When you have gotten enough of playing, you can reenter the museum and admire the Olympic part of it. In 1920 the Olympic Games werd held in Belgium, in Antwerp. Then it was the first time that the Olympic flag was used, with its five circles.

One of those you can see in the Sportimonium. At that time the rings were handpainted onto the cloth! It is rather fascinating to examine such a treasure, almost a hundred years old. The Olympic oath was also used for the first time in Antwerp. But after all, the Games were rather a disappointment, because the public was not that interested. The working class had no money for such amusement. Only soccer and cycling had an audience worth mentioning.
Besides, the sportive premises were not the very best.

There were no starting blocks for the sprints, but the participants had to dig holes into the track, in order to get away a little quicker. The "swimming stadion" was placed into a canal, that led from the North Sea to Antwerp. The water was dirty and full of rats ...
The accreditation was easier as well, in those times. A form, on which nationality, starting number and family name were noted, was all one needed. On the other hand, that was in London 1908 - eventually it became safer.
But then again, the "passport" (above to the right) is already from 1936 and still very far from the passports of our days. On the other hand you don't need any passport today, if you want to go from Belgium to Germany - neither is your stay limited in time, like then.
Not at least you find here the original of what Pierre de Coubertin said in London in 1908. "Not to win, but to battle well is important", is one of the usual quotations. But that is only a part of what he really uttered. For those not so firm in French, I will try to translate all of it.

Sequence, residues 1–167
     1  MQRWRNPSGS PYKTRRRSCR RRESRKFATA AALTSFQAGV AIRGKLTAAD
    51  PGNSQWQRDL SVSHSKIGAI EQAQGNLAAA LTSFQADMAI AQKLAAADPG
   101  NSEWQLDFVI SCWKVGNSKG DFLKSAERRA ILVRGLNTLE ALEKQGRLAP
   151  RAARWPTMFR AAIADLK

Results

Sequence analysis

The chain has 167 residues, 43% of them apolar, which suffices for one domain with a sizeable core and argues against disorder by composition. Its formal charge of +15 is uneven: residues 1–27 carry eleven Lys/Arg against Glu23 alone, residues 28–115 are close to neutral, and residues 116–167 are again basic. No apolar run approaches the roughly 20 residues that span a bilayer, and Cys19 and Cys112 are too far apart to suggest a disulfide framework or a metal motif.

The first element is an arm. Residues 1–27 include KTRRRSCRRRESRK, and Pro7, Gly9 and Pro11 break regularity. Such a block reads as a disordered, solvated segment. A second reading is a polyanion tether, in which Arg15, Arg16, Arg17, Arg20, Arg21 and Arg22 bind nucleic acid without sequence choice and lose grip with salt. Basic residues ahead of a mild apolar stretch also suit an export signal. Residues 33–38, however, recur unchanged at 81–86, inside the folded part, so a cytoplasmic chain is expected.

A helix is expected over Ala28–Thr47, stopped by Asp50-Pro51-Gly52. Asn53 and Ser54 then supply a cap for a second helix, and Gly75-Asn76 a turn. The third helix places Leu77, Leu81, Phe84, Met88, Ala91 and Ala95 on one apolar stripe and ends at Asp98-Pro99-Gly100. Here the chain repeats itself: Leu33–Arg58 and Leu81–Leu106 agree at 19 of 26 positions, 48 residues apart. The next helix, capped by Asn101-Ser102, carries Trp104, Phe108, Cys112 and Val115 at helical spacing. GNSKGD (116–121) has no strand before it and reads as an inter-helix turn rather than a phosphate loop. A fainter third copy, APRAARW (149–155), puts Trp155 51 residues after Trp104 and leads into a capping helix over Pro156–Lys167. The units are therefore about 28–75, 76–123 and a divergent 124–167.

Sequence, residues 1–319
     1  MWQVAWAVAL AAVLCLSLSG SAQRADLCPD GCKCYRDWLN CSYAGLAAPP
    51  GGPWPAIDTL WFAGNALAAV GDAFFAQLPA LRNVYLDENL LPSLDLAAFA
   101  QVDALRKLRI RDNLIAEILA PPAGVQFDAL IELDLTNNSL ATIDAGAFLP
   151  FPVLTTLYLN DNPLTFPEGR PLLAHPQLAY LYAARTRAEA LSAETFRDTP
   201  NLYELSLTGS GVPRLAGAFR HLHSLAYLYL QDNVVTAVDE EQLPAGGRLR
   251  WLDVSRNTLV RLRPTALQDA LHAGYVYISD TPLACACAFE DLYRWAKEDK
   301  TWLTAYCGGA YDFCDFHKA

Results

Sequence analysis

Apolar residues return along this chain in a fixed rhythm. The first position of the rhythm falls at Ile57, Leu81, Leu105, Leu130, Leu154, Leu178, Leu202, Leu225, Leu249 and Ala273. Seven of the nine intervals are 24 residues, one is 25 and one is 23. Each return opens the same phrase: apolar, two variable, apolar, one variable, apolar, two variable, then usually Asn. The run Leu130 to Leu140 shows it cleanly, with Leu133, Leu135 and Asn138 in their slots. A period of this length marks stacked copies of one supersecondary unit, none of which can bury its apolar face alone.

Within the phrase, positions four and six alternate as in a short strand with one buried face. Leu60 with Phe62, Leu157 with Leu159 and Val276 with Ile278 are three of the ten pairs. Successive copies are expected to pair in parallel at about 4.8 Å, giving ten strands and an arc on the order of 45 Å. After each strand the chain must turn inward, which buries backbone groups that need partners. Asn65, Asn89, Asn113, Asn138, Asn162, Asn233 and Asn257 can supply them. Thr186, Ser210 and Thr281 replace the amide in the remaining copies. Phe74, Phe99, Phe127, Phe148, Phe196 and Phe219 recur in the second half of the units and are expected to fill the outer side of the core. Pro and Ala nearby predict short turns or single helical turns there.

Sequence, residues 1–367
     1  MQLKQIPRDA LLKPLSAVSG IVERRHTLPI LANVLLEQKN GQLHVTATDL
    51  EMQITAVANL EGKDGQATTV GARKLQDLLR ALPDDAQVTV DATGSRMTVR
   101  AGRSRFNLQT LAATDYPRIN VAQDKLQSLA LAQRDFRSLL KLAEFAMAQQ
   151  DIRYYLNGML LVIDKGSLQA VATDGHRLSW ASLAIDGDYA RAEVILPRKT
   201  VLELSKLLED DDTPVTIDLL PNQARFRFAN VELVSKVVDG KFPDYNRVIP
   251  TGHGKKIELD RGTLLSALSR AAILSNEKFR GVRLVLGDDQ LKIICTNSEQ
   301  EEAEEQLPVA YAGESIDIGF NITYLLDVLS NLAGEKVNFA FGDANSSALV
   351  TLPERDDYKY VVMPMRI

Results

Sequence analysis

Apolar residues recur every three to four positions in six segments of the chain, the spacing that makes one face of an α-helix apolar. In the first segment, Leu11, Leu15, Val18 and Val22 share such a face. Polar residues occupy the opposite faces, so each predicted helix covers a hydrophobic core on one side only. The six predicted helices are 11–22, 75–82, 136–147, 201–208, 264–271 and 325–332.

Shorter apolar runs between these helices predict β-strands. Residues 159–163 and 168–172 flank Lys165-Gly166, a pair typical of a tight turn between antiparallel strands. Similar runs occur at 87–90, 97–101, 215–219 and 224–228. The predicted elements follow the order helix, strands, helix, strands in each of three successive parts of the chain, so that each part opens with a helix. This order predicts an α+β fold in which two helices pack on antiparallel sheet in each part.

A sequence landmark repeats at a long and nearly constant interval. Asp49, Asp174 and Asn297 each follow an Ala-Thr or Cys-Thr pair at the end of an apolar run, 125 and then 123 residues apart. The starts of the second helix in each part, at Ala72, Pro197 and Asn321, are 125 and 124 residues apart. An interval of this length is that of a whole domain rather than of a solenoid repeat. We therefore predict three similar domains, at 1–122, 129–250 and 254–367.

"At the Olympic Games it is less important to win, than to participate in them. The important thing in life is not going "all in" in victory, but in the battle; it isn't relevant to have won, but to have done your best."
The collection of Olympic medals at the Sportimonium is worth mentioning as well. From Athens in 1896 until Athens in 2004 there is one medal exhibited, from each of the summer games. I am sure, that those from later games will follow.
When you have seen enough in the Olympic gallery, you are still not done. You can visit a fourth part, which again challenges you actively. You have here the possibility to compete with the results from leading Belgian athletes. Some of them have done all exercises - and their results have been noted. You shouldn't expect, that you really can compete with well trained athletes - but it is still interesting to compare.
Long jump from standing position, lung capacity, balance exercises, speed and many other things are available. How often can you alternately tap on two sandbags with one hand only, given thirty seconds? What is the reaction of your heart, if you have to bike at a given burden and speed?

All in all the Sportimonium is a world of experience for body and mind - something that you shouldn't miss out on, if you ever come close to it.

© Bernhard Kauntz, Wolvertem 2012

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last update: 28.6.2012 by